This is an archived article and the information in the article may be outdated. Please look at the time stamp on the story to see when it was last updated.

ALBANY, N.Y. — Legislation in New York to ban declawing cats is singling out a once-common procedure that veterinarians say is now on the decline.

The measure has divided veterinarians. Some say declawing is cruel because it involves amputating the first segments of a cat’s toes. But others say it must remain legal as a last resort for troubled felines whose scratching behavior can’t be controlled.

New York State Senate Bill S5084 would prohibit declawing of cats and other animals.

Backers of the bill say declawed cats are prone to developing behavioral problems that lead to them being surrendered to animal shelters and “for the most part, not adoptable.”

New York lawmakers are also considering eliminating sales taxes on pet food. They have already voted to allow dogs to join their owners on restaurant patios. Many states have banned a controversial procedure that removes a dog’s vocal cords, and all 50 states now have laws making severe animal cruelty a felony.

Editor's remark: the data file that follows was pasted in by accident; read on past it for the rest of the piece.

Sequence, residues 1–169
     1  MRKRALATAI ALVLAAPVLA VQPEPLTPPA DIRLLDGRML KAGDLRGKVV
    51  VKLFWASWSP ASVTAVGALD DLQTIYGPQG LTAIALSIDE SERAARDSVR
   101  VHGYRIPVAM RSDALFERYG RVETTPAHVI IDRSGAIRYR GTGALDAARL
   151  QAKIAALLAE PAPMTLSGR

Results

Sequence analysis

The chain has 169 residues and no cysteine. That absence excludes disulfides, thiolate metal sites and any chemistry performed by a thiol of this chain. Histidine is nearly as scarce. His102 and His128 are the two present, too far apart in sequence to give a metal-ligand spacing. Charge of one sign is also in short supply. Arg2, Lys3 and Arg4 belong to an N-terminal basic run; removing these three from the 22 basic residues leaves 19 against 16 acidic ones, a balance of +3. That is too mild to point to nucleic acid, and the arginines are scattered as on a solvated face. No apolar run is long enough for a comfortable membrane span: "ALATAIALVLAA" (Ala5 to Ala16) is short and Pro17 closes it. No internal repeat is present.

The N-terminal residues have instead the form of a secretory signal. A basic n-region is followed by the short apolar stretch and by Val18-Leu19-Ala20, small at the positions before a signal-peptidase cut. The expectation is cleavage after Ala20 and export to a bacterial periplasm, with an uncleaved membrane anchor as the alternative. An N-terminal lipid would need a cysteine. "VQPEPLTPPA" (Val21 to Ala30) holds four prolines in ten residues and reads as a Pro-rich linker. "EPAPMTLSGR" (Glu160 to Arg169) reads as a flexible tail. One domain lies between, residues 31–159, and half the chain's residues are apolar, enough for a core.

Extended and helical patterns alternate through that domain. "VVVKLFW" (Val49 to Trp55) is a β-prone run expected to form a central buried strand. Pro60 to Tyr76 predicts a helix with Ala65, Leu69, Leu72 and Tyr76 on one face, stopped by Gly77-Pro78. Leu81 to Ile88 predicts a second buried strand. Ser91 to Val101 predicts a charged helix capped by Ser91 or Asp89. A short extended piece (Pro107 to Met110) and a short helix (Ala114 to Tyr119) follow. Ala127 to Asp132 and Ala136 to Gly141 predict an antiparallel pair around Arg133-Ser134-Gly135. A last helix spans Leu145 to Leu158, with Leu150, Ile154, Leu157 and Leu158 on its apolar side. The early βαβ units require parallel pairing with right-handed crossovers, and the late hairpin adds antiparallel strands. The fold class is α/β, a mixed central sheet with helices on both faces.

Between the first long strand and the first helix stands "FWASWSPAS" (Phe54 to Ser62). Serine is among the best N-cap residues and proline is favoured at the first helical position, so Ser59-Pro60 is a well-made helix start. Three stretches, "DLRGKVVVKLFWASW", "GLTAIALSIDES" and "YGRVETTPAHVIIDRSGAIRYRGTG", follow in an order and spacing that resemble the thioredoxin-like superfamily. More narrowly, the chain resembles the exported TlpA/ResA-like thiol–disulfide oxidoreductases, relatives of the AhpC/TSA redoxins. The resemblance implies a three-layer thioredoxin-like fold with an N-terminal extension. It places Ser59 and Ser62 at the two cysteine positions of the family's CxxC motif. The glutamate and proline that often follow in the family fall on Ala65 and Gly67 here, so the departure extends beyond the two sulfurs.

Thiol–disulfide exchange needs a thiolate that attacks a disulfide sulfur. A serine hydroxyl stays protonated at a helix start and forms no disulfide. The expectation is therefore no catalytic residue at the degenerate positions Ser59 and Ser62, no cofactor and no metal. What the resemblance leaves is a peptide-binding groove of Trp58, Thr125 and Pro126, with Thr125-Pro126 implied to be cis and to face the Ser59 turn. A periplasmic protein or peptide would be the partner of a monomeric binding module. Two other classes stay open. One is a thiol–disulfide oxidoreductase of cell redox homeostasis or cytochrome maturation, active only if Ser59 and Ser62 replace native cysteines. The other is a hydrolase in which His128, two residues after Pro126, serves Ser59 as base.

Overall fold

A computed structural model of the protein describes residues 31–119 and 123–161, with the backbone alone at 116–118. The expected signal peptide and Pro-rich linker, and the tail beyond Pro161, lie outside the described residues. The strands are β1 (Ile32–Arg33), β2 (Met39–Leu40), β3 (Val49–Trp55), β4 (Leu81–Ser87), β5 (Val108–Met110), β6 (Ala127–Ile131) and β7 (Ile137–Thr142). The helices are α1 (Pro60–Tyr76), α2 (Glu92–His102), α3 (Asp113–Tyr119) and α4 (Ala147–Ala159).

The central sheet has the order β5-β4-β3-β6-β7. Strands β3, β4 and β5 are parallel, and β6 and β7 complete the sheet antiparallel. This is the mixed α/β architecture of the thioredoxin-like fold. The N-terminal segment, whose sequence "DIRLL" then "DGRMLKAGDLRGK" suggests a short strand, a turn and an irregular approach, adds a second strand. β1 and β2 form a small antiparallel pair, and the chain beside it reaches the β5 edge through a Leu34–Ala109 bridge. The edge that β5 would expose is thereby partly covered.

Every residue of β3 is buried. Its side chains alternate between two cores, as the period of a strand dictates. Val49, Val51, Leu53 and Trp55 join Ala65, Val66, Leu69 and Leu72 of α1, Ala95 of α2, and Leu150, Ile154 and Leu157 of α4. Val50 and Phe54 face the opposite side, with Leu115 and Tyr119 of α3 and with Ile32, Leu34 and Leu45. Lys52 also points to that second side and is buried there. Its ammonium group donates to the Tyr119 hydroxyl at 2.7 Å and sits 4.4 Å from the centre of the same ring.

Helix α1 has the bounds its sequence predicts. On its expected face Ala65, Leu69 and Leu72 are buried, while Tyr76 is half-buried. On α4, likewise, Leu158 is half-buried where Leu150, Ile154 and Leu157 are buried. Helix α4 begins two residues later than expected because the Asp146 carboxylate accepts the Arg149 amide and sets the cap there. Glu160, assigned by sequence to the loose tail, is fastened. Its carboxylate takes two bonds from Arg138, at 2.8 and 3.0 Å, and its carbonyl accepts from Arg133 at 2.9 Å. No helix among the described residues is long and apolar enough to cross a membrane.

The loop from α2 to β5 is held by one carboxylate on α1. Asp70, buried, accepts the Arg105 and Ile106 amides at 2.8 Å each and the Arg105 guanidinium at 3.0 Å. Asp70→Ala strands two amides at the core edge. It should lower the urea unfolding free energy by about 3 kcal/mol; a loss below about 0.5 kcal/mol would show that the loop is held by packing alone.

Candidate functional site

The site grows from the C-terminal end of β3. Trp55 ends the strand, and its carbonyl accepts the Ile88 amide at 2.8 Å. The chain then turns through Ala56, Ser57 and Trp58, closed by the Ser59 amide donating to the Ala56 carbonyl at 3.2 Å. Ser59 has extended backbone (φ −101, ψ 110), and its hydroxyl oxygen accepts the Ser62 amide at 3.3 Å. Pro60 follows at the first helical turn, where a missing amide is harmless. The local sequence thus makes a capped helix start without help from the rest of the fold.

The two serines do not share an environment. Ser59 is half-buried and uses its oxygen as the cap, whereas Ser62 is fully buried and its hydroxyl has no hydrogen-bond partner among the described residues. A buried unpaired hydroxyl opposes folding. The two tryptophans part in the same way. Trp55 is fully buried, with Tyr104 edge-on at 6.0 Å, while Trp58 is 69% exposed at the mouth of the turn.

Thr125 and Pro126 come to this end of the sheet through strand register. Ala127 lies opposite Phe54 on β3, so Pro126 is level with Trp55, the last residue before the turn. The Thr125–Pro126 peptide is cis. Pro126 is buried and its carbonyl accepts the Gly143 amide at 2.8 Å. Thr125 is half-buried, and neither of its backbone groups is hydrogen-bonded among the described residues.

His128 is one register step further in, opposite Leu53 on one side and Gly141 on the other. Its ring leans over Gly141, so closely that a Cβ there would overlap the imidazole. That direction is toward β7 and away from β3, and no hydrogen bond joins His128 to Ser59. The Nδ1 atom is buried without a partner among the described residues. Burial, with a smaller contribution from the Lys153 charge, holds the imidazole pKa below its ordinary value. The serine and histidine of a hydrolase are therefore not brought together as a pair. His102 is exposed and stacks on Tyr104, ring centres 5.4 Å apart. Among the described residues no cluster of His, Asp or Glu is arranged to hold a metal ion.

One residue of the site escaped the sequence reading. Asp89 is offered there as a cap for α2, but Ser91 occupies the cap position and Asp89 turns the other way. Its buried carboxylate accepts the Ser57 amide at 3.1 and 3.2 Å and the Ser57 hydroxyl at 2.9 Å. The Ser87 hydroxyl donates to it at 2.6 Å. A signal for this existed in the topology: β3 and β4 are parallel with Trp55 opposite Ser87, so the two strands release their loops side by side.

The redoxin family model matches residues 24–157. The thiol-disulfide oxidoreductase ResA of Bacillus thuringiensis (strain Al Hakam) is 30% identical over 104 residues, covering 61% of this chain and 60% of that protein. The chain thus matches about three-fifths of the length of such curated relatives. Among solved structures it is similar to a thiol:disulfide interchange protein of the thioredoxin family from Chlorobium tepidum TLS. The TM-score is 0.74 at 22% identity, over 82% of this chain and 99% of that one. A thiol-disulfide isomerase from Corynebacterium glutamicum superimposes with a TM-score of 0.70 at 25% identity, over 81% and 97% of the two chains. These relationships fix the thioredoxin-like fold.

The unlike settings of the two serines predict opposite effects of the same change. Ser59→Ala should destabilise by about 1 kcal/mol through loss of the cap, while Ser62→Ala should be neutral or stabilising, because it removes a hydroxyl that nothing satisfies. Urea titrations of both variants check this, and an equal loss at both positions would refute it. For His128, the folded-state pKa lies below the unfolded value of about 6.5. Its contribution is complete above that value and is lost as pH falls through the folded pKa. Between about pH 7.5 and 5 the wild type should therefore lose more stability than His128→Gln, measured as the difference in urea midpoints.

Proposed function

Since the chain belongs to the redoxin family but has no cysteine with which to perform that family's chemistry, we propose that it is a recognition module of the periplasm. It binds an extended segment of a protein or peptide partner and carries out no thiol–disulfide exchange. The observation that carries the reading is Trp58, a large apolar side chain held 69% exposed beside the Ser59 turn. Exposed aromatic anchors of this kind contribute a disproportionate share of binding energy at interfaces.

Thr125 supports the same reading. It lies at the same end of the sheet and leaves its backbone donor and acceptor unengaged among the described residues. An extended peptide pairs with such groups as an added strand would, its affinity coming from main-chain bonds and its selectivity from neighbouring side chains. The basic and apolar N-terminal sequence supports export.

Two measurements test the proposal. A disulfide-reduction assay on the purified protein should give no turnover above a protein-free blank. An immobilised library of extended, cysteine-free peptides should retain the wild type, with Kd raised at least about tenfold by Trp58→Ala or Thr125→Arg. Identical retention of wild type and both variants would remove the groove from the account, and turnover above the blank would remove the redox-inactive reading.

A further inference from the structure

Declawing is currently banned in nearly 10 cities in California. It’s also banned in countries around the world including Switzerland, Israel and the United Kingdom.

According to the New York State Senate’s website, the status of the bill is in committee.

The Associated Press and PIX11 Digital Producer Alyssa Zauderer contributed to this report.